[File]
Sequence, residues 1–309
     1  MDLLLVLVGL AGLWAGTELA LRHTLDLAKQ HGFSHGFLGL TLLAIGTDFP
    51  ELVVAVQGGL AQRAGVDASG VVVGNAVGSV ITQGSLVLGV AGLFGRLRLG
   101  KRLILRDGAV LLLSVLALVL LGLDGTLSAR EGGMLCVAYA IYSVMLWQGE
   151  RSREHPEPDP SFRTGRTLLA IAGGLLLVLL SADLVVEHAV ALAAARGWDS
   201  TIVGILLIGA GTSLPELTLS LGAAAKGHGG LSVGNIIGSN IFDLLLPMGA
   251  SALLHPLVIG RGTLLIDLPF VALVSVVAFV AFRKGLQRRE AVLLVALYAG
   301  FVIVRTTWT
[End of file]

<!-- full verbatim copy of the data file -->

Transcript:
Sequence, residues 1–309
     1  MDLLLVLVGL AGLWAGTELA LRHTLDLAKQ HGFSHGFLGL TLLAIGTDFP
    51  ELVVAVQGGL AQRAGVDASG VVVGNAVGSV ITQGSLVLGV AGLFGRLRLG
   101  KRLILRDGAV LLLSVLALVL LGLDGTLSAR EGGMLCVAYA IYSVMLWQGE
   151  RSREHPEPDP SFRTGRTLLA IAGGLLLVLL SADLVVEHAV ALAAARGWDS
   201  TIVGILLIGA GTSLPELTLS LGAAAKGHGG LSVGNIIGSN IFDLLLPMGA
   251  SALLHPLVIG RGTLLIDLPF VALVSVVAFV AFRKGLQRRE AVLLVALYAG
   301  FVIVRTTWT